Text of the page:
MotherTeresaHowever, this is not LOVE.  What I am talking about is LOVING thy neighbor as thy Self in the extreme, no limits – like you are loving God.  When feeding the hungry comes from that place, it is far from dysfunctional, it is saintly and Divine.  Co-dependence in human relationships is the opposite of loving your neighbor, just as fanaticism in religion is the opposite of loving God.  Mother Teresa was not a religious fanatic or a co-dependent do-gooder.  Her mind was balanced and her heart was open and flexible, and she loved humanity to the extreme.  She loved humanity as she loved God.  We should all be a little more like her.

Moderation and extremism is a complicated issue.  It is full of paradoxes and contradiction, open-ended questions and infinite possibilities on both ends of the spectrum and in the extreme point in the Middle.  However, if I were to conclude something , it would be this:

Live life to the fullest, but don’t get addicted to dare-devil sports that will kill you cave-diving when you’re 21.  Love God with all your might, love thy neighbor as thy Self  – to the extreme, and do so with a very high level of discernment and balance of mind.  Extreme love also requires extreme consciousness or it can turn into the opposite of love.  Everything in moderation, even moderation.

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Painting by Jim Thompson at www.art-mind-soul.com

5 Stitches to the Inch and Love Every One

beautiful-tropical-sailboatMy brother in-law’s mother, Nanny Annie, is over from England for Christmas. In my one sister’s kitchen she is cutting my other sister’s hair and talking about how her husband is excellent at sewing (contrary to general gender stereotypes). He used to sew sails for sailboats for a living. When he was an apprentice, the master sail-maker used to say to all the young lads, “5 stitches to the inch and love every one.”

The old master sail-maker was tuned into the same thing that Mother Teresa was when she said “It is not how much we do, but how much love we put in that action.”  This same inner wisdom has been taught by bakers, chefs, artists, carpenters, landscapers, pediatricians, veterinarians and milliners.  Masters of all trades have taught their apprentices to put love into their craft for hundreds of years.

Love is the magic ingredient that makes whatever we are doing a part of a better world.  If we put love into every stitch, that love is anchored in that sail and that love moves that sailboat and that love travels out across the world on the wind.  And, it gives the young apprentice sail-maker a meditation of love to focus on inside his own mind and heart as he sews for hours every day.  It transforms the young sail-maker into a more loving human being, a kinder husband and father, a better neighbor and a more compassionate citizen of the world.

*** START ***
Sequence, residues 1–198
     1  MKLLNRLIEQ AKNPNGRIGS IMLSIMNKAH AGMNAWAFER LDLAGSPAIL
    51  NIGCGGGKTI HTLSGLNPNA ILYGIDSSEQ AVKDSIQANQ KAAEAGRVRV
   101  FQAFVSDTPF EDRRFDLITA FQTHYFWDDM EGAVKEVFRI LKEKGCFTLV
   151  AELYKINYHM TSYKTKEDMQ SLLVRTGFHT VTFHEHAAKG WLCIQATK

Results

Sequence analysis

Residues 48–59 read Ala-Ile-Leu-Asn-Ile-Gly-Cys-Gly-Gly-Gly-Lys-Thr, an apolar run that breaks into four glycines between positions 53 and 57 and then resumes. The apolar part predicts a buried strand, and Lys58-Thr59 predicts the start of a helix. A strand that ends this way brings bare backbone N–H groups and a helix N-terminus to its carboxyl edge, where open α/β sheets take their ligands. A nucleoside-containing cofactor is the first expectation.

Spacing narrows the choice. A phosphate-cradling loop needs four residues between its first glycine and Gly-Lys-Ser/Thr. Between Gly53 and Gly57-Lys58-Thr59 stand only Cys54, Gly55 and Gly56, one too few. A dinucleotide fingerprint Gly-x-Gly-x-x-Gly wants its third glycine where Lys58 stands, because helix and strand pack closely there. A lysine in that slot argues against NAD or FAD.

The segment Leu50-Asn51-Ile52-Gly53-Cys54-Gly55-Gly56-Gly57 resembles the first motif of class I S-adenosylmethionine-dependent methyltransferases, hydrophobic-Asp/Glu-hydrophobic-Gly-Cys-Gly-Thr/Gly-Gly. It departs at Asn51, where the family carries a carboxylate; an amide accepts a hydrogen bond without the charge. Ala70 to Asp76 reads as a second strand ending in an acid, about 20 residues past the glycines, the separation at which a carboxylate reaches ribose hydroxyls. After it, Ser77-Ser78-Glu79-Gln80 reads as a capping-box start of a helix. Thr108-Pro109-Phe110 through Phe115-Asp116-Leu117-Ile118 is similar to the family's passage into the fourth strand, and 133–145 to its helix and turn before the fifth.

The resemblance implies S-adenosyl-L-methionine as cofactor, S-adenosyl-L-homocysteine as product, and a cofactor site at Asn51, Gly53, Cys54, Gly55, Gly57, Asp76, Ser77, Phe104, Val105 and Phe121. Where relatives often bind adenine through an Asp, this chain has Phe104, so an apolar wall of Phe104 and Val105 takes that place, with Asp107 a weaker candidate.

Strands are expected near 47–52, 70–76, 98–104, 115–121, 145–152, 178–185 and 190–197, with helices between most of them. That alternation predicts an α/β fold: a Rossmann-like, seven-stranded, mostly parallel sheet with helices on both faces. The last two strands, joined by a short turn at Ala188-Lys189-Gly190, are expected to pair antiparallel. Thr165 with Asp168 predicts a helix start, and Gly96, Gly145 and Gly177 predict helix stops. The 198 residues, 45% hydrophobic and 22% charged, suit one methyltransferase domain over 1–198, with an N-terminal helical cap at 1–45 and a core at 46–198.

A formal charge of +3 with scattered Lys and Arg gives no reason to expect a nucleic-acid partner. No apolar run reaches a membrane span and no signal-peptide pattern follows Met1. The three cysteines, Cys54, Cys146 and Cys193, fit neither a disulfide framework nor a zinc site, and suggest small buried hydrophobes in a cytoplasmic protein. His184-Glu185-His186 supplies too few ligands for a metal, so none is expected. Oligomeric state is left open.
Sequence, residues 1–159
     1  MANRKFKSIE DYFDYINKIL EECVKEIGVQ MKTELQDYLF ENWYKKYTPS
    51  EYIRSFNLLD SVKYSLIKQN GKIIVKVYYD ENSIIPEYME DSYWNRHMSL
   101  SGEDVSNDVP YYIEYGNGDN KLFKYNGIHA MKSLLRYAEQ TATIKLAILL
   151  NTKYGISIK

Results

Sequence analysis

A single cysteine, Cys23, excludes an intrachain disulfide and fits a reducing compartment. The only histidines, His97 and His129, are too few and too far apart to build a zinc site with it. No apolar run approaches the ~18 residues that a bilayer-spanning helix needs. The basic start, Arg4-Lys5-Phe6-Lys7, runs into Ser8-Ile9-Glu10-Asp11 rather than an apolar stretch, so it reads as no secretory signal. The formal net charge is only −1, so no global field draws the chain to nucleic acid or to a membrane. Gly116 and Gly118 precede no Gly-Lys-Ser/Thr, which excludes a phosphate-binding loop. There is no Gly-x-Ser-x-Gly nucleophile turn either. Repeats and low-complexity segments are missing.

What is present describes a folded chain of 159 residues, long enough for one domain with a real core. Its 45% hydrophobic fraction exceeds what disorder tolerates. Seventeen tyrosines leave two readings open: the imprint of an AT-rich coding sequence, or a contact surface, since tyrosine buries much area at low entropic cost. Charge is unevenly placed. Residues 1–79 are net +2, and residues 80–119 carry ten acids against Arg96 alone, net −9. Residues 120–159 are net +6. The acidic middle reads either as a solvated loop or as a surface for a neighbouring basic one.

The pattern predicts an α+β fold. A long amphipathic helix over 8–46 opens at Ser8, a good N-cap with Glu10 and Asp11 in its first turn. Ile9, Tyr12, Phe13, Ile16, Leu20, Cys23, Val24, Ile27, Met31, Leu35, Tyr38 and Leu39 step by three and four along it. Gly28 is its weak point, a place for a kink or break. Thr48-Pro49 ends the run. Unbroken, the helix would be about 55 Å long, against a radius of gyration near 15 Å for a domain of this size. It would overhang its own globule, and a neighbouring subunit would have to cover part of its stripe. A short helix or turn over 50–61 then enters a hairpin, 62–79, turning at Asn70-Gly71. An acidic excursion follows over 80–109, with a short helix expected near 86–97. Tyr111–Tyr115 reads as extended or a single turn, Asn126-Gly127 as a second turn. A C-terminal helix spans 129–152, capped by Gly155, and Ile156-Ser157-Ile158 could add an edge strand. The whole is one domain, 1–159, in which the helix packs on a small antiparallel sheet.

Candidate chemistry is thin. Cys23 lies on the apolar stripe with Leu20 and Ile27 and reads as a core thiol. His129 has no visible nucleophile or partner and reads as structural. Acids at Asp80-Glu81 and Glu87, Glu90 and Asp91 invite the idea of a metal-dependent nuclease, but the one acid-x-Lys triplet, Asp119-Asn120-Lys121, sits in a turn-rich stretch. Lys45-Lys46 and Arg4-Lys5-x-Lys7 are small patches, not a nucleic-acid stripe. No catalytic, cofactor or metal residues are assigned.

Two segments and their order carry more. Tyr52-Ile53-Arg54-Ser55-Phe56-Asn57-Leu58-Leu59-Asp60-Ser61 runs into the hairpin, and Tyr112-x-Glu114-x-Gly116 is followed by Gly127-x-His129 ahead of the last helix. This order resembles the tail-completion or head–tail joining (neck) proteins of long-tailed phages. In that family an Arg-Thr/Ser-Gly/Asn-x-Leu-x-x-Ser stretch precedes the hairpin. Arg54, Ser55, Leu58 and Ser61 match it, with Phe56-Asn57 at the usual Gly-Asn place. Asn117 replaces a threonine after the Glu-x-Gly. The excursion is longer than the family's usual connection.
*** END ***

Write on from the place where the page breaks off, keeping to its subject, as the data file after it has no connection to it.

gorgeous-good-color-small1This is how putting love into sewing sails, baking cakes, building houses, planting trees and making hats is transforming the world.

In the East this is taught as Karma Yoga.  In the Bhagavad Gita, Karma Yoga is described as the path of Action – the path of putting your love for God into everything you do.  Whether you are sewing sails or cooking dinner, typing up a report at work, mailing a package to a friend for Christmas or cleaning your bathroom – putting love into it is a way to make it a meditation, a Yoga, a method of gaining Union with the Divine.

This can be consciously done as Karma Yoga by focusing on our love for God and offering all our actions to the Divine.  Or it can be done simply by putting Love into what we do, sewing a sail as a meditation on Love, and God is Love, so it’s still a meditation on God.  See how God pulled another tricky move there.

Not only does putting love into everything we do make the world a better place, but it also makes us happier.  The love we feel in our hearts becomes the reward of our labor and the stuff of our life.  We begin to live here a little more as our souls – as the love we are focusing upon.  And if we don’t win the cake bake-off or the hat best-in-show, we don’t take it so hard because we still won the love in our hearts – and that we get to keep forever.

Amma 11On the one day I spent at Amma’s ashram in San Ramon, one of her students read a satsang he had written about karma yoga.  He talked about how doing everything with love for God transforms us and offering everything to God frees us from our ego attachments.  He said, if we offer everything to God, then our success is God’s Grace and our failure is God’s Will.  So we don’t let our successes inflate our ego identification and separate us from the love of unity, and we don’t let our failures deflate our ego self-worth and separate us from the love of unity.

I quoted that satsang once in a Christian Bible study class at a fairly conservative church, not giving credit to Amma or the Bhagavad Gita.  Everyone thought my stealth Karma Yoga reference was beautiful and inspiring and everyone agreed.  It is the universal truth that transcends not only religions but trades and crafts and professions.

So whether you’re a Christian or a Hindu, a musician or janitor, an engineer or a sail-maker – to increase your happiness, reduce your ego suffering and make the world a better place, just remember what Ammachi, Mother Teresa and the old master sail-maker said to his apprentice: “5 stitches to the inch, and love every one.”

Rainbow Regatta by Lisa Lorenz

Rainbow Regatta by Lisa Lorenz